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Atcherley v. Clark

United States District Court, E.D. California

March 20, 2015

CLARK, et al., Defendants.


DENNIS L. BECK, Magistrate Judge.

Plaintiff William Atcherley ("Plaintiff") is a prisoner proceeding pro se and in forma pauperis in this civil rights action pursuant to 28 U.S.C. § 1983. This action is proceeding on Plaintiff's Third Amended Complaint, filed on January 26, 2015, for violation of the Eighth Amendment and negligence against numerous Defendants.

On November 24, 2014, Defendant Alade filed the instant motion for summary judgment.[1] Plaintiff opposed the motion on December 24, 2014, and Defendant Alade filed his reply on January 7, 2014. Pursuant to Local Rule 230(l), the motion was deemed submitted when Defendant Alade filed his reply.

On January 7, 2015, Plaintiff filed an unauthorized surreply.[2]


Any party may move for summary judgment, and the Court shall grant summary judgment if the movant shows that there is no genuine dispute as to any material fact and the movant is entitled to judgment as a matter of law. Fed.R.Civ.P. 56(a) (quotation marks omitted); Washington Mutual Inc. v. U.S., 636 F.3d 1207, 1216 (9th Cir. 2011). Each party's position, whether it be that a fact is disputed or undisputed, must be supported by (1) citing to particular parts of materials in the record, including but not limited to depositions, documents, declarations, or discovery; or (2) showing that the materials cited do not establish the presence or absence of a genuine dispute or that the opposing party cannot produce admissible evidence to support the fact. Fed.R.Civ.P. 56(c)(1) (quotation marks omitted). The Court may consider other materials in the record not cited to by the parties, but it is not required to do so. Fed.R.Civ.P. 56(c)(3); Carmen v. San Francisco Unified School Dist., 237 F.3d 1026, 1031 (9th Cir. 2001); accord Simmons v. Navajo County, Ariz., 609 F.3d 1011, 1017 (9th Cir. 2010).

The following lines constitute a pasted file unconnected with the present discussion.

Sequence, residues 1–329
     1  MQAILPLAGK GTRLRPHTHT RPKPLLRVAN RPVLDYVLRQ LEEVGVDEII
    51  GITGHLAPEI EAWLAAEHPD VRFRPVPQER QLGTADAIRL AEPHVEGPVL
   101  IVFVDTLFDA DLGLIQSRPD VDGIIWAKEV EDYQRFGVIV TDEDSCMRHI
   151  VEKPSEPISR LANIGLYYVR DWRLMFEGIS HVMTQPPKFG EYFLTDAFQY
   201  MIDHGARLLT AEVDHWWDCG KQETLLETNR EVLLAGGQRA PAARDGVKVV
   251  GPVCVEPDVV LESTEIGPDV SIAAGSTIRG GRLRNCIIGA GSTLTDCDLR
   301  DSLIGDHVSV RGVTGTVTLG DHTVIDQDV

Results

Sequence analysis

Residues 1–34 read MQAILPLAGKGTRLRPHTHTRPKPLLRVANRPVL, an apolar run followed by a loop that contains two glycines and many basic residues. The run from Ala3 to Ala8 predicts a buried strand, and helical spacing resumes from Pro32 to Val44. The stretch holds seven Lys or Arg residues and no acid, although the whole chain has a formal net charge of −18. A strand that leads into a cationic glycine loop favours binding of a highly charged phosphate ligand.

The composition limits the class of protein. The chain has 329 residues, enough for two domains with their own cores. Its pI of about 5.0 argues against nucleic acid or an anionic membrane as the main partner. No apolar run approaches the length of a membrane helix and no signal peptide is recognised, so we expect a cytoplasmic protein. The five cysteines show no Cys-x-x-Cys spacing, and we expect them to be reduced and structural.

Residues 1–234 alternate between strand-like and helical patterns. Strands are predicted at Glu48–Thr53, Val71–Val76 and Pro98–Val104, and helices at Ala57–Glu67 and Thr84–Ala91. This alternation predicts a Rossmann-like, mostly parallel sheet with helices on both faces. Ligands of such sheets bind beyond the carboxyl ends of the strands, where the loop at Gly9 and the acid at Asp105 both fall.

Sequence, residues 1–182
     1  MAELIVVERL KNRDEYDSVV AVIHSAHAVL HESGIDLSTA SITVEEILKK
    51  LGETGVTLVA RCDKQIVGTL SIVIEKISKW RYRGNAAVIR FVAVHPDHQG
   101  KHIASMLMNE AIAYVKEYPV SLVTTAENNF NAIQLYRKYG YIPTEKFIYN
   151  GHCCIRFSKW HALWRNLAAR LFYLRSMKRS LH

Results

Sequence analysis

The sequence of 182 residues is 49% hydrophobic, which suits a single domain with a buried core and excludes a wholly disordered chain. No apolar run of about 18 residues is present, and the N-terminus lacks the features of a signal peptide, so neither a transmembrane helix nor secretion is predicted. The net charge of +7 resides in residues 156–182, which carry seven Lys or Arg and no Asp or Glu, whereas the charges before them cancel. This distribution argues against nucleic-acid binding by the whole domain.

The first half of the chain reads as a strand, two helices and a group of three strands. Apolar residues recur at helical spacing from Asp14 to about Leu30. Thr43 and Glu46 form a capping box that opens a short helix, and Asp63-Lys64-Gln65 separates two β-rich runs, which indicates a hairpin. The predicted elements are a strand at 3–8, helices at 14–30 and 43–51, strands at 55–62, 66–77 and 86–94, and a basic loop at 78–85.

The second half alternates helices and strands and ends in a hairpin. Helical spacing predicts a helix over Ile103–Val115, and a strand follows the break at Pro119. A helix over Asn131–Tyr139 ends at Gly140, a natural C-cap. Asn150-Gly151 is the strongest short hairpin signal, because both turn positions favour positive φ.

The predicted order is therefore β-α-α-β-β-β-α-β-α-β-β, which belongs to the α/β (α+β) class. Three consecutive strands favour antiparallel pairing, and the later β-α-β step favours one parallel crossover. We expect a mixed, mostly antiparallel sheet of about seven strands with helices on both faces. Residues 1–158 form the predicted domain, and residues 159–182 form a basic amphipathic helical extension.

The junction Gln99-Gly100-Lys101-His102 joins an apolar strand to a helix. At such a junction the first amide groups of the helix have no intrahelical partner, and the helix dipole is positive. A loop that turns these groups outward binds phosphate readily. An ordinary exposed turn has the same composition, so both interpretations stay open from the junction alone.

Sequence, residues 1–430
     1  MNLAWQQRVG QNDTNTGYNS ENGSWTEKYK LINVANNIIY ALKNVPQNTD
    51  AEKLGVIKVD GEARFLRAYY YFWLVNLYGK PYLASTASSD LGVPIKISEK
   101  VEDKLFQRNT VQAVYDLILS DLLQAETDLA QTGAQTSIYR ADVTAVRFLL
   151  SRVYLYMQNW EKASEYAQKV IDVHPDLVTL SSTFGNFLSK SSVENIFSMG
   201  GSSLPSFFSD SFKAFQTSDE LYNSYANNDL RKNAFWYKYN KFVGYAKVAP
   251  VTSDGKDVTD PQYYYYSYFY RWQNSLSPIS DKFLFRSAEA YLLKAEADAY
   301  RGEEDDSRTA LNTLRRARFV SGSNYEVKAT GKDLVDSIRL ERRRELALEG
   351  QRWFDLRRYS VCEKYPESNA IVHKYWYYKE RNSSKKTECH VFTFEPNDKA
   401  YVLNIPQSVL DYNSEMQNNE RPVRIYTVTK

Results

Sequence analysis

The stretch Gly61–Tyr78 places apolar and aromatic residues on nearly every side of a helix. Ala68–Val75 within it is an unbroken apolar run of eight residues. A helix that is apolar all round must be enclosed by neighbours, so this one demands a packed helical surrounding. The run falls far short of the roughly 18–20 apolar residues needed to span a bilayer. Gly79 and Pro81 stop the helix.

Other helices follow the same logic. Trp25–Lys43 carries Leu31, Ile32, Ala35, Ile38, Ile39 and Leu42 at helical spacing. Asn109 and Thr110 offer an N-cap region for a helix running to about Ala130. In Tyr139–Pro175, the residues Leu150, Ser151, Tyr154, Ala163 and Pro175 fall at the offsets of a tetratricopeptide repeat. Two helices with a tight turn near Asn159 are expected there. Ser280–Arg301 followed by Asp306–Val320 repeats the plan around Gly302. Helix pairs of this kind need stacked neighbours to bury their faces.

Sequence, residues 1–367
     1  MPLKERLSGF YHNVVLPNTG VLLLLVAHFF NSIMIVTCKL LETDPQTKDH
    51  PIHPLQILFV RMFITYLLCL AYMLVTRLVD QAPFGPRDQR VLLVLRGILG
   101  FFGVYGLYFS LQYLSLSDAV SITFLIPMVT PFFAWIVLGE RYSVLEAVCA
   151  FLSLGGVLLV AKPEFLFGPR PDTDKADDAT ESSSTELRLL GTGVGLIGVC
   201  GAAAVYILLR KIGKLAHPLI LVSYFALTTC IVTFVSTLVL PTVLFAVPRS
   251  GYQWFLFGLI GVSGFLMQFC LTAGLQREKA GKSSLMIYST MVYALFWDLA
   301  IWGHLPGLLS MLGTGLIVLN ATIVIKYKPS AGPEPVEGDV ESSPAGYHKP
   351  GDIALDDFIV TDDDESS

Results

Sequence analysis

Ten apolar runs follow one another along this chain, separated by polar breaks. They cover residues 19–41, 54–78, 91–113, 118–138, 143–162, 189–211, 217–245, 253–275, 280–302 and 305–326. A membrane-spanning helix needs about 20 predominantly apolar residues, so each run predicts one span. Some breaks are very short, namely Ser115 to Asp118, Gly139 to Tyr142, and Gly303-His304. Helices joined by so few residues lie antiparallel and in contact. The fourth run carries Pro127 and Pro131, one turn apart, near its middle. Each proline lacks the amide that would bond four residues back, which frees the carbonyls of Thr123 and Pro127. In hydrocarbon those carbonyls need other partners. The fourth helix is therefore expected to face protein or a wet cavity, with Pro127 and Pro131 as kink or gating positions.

Defendant does not bear the burden of proof at trial and in moving for summary judgment, he need only prove an absence of evidence to support Plaintiff's case. In re Oracle Corp. Securities Litigation, 627 F.3d 376, 387 (9th Cir. 2010) (citing Celotex Corp. v. Catrett, 477 U.S. 317, 323, 106 S.Ct. 2548 (1986)). If Defendant meets his initial burden, the burden then shifts to Plaintiff "to designate specific facts demonstrating the existence of genuine issues for trial." In re Oracle Corp., 627 F.3d at 387 (citing Celotex Corp., 477 U.S. at 323). This requires Plaintiff to "show more than the mere existence of a scintilla of evidence." Id. (citing Anderson v. Liberty Lobby, Inc., 477 U.S. 242, 252, 106 S.Ct. 2505 (1986)).